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Europroteome, RheoGene, Infocom, Ciphergen, Serenex, Aviva Biosciences


Europroteome and RheoGene to Jointly Study Targets and Markers for Colon Cancer

Europroteome and RheoGene have signed a collaboration to identify potential protein targets and diagnostic markers associated with colon cancer, the companies said last week. Although the parties did not disclose financial terms of the deal, Europroteome has the rights to develop and commercialize any products that result from the joint research project.

In the project, Hennigsdorf, Germany-based Europroteome and Spring House, Penn.-based RheoGene will investigate MHC class I- and II-associated peptide antigens as therapeutic targets and related proteins as diagnostic markers. Europroteome will supply human colon cancer tissue samples, collected from its network of clinical research hospitals in the US and Europe, and apply its proprietary cell purification techniques to the samples. The company will also apply its platform of 2D gel-based protein separation and identification technology to determine protein expression patterns in the colon cancer tissue.

Rheogene, for its part, will employ its technology for regulating gene expression to identify peptides and proteins processed through the MHC pathway. Rheogene’s technology, called RheoSwitch, targets the promoter regions of specific genes, disabling their expression.


Infocom to Distribute Swiss-prot Databases in Japan

Japanese IT company Infocom has agreed to distribute protein databases in Japan for GeneBio, the companies said last week. The databases, originally developed at the Swiss Institute for Bioinformatics in Geneva, include Swiss-Prot, a curated database of protein sequences, Prosite, a database of protein families and domains, and Swiss-2DPage, an annotated database of 2D gel images and protein identifications.

GeneBio has had exclusive rights since 1998 to sell technology developed at the SIB, and has collaborated with Infocom for the past three years, according to a statement.


Ciphergen’s Protein chip Technology Featured in Science Paper

In a paper published online last week in Science, researchers at the Aaron Diamond AIDS Research Center at Rockefeller University and Ciphergen Biosystems used Ciphergen’s ProteinChip-brand technology to identify a cluster of proteins that suppress the replication of the HIV virus. Studying a group of HIV-positive individuals who have yet to develop AIDS, the research team focused on the patients’ CD8 T cells, trying to determine the identity of a factor called CAF, which is known to suppress the virus’ replication. Using Ciphergen’s protein affinity arrays and SELDI-TOF mass spectrometry, in combination with specific antibodies, the researchers compared CD8 T-lymphocyte cultures derived from HIV-positive individuals without AIDS, to those with AIDS and normal individuals, and identified the components of the CAF factor as a-defensins-1, -2, and -3. The finding was also reproduced in vitro, by subjecting HIV cells to purified a-defensins.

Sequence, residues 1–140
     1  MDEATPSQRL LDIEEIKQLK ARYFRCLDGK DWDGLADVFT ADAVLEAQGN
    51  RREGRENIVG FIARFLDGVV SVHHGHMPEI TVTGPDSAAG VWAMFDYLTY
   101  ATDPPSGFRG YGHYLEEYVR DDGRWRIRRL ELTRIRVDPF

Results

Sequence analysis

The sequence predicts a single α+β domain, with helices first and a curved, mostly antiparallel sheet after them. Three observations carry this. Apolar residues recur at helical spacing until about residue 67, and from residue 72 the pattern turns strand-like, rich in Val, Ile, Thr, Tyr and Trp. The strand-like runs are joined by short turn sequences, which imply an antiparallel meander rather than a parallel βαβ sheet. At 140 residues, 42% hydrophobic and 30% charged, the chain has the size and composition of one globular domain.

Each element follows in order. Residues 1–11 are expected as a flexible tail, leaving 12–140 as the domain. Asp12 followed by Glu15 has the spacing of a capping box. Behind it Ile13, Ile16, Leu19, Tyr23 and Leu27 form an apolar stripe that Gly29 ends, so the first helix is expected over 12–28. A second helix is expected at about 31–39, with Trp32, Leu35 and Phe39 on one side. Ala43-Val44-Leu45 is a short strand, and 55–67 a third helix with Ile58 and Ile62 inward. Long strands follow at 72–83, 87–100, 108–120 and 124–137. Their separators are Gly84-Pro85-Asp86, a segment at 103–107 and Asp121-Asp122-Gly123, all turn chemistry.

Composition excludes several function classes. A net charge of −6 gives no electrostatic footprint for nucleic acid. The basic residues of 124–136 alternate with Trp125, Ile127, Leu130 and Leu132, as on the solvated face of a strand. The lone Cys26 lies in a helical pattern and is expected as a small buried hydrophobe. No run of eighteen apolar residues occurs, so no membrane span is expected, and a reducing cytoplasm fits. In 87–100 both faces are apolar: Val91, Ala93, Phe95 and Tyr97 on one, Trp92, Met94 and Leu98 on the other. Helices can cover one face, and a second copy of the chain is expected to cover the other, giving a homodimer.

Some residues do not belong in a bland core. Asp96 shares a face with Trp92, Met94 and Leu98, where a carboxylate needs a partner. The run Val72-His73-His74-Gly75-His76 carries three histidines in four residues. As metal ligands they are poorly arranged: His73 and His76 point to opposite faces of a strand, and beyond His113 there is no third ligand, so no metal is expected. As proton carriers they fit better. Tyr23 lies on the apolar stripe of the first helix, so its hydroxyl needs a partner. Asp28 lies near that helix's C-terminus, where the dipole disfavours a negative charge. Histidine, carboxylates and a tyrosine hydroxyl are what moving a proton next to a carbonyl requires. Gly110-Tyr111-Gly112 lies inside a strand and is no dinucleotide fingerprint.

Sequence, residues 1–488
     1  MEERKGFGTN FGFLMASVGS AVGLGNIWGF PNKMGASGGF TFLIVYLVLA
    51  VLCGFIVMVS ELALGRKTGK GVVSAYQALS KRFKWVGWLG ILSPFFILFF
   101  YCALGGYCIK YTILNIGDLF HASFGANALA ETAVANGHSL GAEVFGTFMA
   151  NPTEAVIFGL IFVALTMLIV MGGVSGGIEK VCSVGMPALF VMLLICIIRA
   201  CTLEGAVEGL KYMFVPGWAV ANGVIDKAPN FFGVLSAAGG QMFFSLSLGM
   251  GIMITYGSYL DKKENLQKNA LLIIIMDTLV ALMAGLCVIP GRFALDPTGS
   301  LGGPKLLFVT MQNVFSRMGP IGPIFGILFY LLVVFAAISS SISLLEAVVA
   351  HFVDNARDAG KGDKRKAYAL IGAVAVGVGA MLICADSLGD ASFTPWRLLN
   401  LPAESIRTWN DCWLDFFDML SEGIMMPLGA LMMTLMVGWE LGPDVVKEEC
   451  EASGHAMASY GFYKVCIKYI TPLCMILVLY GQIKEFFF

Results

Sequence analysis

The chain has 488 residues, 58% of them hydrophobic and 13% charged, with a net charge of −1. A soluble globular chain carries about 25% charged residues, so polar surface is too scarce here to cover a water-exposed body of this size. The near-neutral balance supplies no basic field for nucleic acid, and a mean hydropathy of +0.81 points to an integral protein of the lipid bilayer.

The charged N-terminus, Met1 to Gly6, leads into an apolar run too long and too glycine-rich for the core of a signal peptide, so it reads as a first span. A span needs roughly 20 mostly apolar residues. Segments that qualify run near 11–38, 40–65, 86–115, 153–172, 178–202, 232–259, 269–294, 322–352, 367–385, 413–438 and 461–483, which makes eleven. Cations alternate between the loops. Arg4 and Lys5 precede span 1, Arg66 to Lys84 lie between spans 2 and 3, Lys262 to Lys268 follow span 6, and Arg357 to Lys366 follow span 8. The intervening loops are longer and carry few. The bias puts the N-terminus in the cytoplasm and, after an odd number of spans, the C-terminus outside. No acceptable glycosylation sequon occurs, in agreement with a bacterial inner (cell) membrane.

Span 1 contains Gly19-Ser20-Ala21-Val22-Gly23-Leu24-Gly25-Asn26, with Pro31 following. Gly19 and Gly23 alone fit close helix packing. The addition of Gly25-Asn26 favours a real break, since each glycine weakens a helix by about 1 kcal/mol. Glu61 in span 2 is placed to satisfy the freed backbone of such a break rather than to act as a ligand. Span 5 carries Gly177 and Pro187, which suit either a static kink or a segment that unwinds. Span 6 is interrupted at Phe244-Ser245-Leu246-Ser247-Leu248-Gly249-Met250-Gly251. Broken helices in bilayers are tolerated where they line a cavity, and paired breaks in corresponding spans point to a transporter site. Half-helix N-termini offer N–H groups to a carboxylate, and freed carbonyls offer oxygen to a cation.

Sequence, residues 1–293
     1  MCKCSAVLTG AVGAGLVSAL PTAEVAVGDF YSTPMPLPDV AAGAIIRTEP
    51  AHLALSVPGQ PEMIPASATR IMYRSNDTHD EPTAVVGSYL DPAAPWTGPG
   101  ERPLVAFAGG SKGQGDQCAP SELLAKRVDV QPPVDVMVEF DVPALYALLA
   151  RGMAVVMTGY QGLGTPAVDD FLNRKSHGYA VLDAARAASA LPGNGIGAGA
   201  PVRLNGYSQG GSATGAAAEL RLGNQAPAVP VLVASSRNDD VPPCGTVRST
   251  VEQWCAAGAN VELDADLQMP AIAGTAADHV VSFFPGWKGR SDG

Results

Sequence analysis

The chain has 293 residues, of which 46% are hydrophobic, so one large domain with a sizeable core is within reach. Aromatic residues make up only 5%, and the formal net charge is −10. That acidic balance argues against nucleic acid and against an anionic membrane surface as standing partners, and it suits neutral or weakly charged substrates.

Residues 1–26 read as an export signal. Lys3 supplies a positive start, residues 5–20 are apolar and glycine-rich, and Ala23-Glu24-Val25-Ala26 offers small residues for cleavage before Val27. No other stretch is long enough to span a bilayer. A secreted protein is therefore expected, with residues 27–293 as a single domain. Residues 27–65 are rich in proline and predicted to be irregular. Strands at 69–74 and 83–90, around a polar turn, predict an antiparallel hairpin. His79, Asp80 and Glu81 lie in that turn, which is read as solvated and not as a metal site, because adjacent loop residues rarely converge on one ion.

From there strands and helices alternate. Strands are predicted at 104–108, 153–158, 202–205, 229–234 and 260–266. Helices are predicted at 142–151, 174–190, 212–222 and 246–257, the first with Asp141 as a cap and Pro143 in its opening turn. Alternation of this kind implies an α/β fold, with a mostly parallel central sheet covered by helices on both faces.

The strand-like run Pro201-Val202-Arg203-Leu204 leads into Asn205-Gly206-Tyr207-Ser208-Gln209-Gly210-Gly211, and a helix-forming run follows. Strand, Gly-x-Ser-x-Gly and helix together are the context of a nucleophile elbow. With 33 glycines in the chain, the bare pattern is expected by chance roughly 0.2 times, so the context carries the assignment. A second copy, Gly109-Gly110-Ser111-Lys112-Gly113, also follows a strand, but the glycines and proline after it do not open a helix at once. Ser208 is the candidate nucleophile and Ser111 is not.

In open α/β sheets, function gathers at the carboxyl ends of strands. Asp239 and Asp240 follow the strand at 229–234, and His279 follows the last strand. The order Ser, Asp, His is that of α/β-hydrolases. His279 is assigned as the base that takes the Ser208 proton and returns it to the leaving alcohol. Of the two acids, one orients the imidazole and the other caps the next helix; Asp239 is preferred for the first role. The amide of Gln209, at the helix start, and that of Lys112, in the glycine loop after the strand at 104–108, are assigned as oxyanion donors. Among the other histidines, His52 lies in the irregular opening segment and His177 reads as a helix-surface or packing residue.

Serenex to investigate new drug targets for Chiron’s small molecules

Chiron agreed last week to enter a relationship with Serenex to access the company’s technology for identifying new drug targets for unspecified diseases. Under the arrangement, Chiron will supply Serenex with small molecule drug-like compounds, and Serenex will attempt to determine the drugs’ protein binding partners. In addition to research funding, Serenex also could receive milestone and royalty payments if Chiron succesfully develops drugs from the research.

Serenex’s technology is built around the research of co-founder Timothy Haystead, a professor of pharmacology at Duke University who developed techniques for selecting out purine-binding proteins from cell lysates using affinity columns loaded with ATP. To screen these potential targets for interactions with small molecule lead compounds, Haystead devised a technique for determining whether a small molecule displaces one or more of the proteins bound to the affinity column, and identifying those potential targets by mass spectrometry.


Aviva Biosciences Raises $11.8M in Private Funding

Startup biochip company Aviva Biosciences said last week it had secured $11.8 million in the first closing of a Series B round of private-equity financing. Previous Aviva investor China Development Industrial Bank led the round, which brings the total amount invested in Aviva since 1998 to $16.8 million. Axon Instruments and Pac-Link Management also took part in the round.

Aviva, based in San Diego, said it will use the money to help it launch a biochip it is developing with Axon that will work with that firm’s PatchXpress line of ion channel drug-screening systems. Earlier this month, the company hired former Lynx chief Norrie Russell to be its president and CEO.

The Scan

Pig Organ Transplants Considered

The Wall Street Journal reports that the US Food and Drug Administration may soon allow clinical trials that involve transplanting pig organs into humans.

'Poo-Bank' Proposal

Harvard Medical School researchers suggest people should bank stool samples when they are young to transplant when they later develop age-related diseases.

Spurred to Develop Again

New Scientist reports that researchers may have uncovered why about 60 percent of in vitro fertilization embryos stop developing.

Science Papers Examine Breast Milk Cell Populations, Cerebral Cortex Cellular Diversity, Micronesia Population History

In Science this week: unique cell populations found within breast milk, 100 transcriptionally distinct cell populations uncovered in the cerebral cortex, and more.